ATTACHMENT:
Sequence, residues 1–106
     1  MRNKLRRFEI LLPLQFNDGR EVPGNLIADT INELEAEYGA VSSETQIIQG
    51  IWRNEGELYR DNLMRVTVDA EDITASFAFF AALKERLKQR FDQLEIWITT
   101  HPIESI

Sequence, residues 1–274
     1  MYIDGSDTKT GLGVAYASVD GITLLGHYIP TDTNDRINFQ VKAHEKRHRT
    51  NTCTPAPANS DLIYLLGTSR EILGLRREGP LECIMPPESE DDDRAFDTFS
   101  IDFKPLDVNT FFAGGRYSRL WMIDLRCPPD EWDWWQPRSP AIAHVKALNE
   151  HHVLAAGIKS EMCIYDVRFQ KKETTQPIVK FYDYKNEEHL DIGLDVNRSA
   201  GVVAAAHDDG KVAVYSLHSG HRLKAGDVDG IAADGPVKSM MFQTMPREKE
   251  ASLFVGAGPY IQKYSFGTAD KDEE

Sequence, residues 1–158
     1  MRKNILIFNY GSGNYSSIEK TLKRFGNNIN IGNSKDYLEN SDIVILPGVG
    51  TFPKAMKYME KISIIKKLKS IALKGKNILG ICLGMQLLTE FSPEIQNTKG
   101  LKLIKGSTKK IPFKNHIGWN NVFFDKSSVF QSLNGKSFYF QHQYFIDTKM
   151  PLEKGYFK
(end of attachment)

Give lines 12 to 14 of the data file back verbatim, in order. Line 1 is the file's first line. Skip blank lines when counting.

Sequence, residues 1–158
     1  MRKNILIFNY GSGNYSSIEK TLKRFGNNIN IGNSKDYLEN SDIVILPGVG
    51  TFPKAMKYME KISIIKKLKS IALKGKNILG ICLGMQLLTE FSPEIQNTKG